Artificial Intelligence is coming to PDF accessibility

12th March 2019 | by Ted Page

Most of the things you might do in Microsoft Word to ensure that your documents end up as accessible PDFs will also make life easier for you as the document author, as well as improve the quality of your documents for all of your readers.

The exception—image descriptions 

The most important exception to this rule is the requirement to provide image descriptions, a process that can add considerable time and effort. However, in the latest version of Word, Artificial Intelligence (AI) offers the beginnings of a solution, in the form of auto-generated image descriptions. In some cases (but not all, as we will see) the results can be pretty good.

AI-generated image descriptions

To add alt text to an image in Microsoft Word (2019), right-click the image in question and select Edit Alt Text. The panel below will open. Observe in particular the “Generate a description for me” button.
Screenshot of the MS Word Alt Text dialogue box

A result

In the case of the following image, the alt text generated by Word will be: “A close up of a cat with green eyes looking at the camera”.

A close up of a cat with green eyes looking at the camera
Picture credit Jaroslaw Pocztarski, some rights reserved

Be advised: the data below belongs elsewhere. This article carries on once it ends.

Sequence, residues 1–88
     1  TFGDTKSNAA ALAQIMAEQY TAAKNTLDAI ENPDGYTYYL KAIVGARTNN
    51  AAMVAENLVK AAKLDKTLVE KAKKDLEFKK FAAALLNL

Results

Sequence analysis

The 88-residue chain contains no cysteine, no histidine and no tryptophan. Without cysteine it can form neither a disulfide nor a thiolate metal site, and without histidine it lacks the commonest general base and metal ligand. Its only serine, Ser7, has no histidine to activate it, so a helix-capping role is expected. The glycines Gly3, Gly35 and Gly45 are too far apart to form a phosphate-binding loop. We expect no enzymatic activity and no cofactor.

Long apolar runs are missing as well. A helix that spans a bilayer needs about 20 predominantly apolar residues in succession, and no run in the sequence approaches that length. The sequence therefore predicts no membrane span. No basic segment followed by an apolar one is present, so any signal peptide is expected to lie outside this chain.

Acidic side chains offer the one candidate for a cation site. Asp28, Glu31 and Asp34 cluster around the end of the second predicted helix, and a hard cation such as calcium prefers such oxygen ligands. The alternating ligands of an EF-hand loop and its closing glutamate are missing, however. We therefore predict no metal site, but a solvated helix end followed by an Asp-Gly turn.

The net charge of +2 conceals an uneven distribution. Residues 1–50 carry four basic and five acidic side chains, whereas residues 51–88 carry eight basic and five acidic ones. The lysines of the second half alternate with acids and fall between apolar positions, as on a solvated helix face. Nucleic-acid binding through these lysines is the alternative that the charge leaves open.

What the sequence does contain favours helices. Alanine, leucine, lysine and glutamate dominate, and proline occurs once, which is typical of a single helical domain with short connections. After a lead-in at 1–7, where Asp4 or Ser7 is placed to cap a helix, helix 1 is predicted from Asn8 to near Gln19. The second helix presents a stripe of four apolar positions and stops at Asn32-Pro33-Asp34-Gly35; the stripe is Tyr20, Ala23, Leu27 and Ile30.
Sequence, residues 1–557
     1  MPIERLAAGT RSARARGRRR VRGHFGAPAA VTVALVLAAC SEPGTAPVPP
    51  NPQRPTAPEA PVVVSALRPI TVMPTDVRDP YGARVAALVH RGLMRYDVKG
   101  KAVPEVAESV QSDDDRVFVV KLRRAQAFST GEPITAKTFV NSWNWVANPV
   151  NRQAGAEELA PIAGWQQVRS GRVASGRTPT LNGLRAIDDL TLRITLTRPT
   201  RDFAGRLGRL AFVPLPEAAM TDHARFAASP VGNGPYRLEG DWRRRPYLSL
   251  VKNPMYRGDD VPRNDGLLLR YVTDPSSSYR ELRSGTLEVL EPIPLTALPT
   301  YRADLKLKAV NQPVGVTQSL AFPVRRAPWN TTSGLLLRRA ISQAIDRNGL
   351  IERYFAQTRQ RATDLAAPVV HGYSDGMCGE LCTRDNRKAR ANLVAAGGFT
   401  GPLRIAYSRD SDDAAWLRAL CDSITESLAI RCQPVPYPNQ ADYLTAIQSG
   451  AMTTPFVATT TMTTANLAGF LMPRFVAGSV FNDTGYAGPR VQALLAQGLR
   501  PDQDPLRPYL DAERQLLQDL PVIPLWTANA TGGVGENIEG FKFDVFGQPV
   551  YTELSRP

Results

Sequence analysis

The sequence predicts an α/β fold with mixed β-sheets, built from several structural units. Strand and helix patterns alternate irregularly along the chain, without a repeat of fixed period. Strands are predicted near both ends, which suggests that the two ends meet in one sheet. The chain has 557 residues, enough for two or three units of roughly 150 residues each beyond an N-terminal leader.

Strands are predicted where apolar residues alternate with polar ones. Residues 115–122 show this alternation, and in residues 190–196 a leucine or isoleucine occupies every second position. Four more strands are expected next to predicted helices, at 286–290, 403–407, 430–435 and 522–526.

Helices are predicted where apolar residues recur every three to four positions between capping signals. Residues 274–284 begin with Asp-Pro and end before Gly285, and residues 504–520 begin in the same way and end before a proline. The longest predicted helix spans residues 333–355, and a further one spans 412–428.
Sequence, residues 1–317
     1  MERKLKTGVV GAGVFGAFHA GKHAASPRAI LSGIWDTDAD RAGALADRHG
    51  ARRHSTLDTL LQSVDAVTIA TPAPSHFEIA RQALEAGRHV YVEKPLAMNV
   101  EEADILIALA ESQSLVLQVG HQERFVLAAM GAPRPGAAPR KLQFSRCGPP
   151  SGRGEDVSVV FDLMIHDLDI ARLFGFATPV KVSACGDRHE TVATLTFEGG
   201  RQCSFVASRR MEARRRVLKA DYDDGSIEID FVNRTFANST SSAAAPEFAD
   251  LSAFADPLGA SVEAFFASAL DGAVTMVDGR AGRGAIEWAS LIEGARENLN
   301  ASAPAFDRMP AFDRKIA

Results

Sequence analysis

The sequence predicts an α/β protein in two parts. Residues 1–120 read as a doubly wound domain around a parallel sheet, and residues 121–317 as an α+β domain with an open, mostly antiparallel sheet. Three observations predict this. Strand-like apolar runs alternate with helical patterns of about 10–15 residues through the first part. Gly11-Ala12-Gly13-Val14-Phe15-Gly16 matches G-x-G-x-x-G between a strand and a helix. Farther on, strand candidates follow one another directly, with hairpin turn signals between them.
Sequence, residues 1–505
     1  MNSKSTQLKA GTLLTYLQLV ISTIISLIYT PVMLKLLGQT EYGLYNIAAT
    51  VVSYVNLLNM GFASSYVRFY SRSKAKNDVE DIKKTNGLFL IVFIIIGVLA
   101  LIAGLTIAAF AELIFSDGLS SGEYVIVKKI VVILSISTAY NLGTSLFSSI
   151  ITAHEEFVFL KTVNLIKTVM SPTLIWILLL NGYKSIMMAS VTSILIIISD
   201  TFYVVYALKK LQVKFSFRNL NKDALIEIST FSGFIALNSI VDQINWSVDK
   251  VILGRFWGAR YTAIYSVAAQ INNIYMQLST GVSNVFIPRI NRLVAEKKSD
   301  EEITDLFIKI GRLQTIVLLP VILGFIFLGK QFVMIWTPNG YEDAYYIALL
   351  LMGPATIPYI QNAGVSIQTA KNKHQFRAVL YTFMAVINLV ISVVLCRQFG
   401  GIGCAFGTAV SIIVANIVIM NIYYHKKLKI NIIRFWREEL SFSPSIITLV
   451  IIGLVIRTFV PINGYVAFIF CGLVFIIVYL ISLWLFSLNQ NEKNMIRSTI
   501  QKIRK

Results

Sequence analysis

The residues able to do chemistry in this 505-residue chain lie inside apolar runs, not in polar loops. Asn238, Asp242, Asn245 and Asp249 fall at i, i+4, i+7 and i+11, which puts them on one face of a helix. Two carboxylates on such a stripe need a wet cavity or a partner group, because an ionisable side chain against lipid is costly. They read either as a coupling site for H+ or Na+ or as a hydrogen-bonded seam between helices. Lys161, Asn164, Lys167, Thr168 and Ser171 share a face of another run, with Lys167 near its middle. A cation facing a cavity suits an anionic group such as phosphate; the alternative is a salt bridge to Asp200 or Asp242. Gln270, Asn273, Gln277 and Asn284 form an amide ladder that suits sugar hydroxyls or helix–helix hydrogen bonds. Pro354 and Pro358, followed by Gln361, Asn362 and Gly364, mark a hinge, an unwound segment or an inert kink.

The importance of context

It is important to bear in mind that what is appropriate alt text is very much determined by the context in which it appears.

Word’s auto-generated description function appears to look only at the image and not the context. Nevertheless, the result, at least in this case, is pretty good. The cat is looking slightly to one side of the camera rather than straight at it, but otherwise, with a little modification, this description could very well be appropriate in a range of different contexts.

Other examples

However, the results are not always so accurate or useful.

For example, John Constable’s famous painting, Salisbury Cathedral from the Bishop’s Grounds, is described by Word as: “A group of people in a forest”.

Painting by John Constable: Salisbury Cathedral from the Bishop's Grounds

This is clearly not an appropriate description in any context. There is no mention of the cathedral—one of the most iconic buildings in the UK, nor is the landscape by any stretch of the imagination a forest. Nor, of course, is there any mention of John Constable, or that this is a painting and not some other form of image.

Bar charts

Having pasted the following Excel chart directly into Word there was no auto-generated alt text option available (the “Generate a description for me” button was not displayed).

HDI rankings for Afghanistan, Albania, Algeria, Andorra and Angola, 1980 to 2010

However, the same chart converted to a PNG and then inserted into Word returned a description of: “A screenshot of a cell phone”. Note, even if the PNG version had returned a usable description this method is not recommended, as it rasterizes the chart’s axes labels and data values, and thus renders them unreadable by assistive technologies such as Read&Write Gold.

Conclusion

Clearly there is some way to go before this technology will relieve authors entirely of the need to compose accessible image descriptions for their documents. However, as the first example above demonstrates, AI already has the ability to take some of the hard work out of the process of making PDFs accessible, and will undoubtedly continue to do an increasing share of the work in the future.

Watch this space.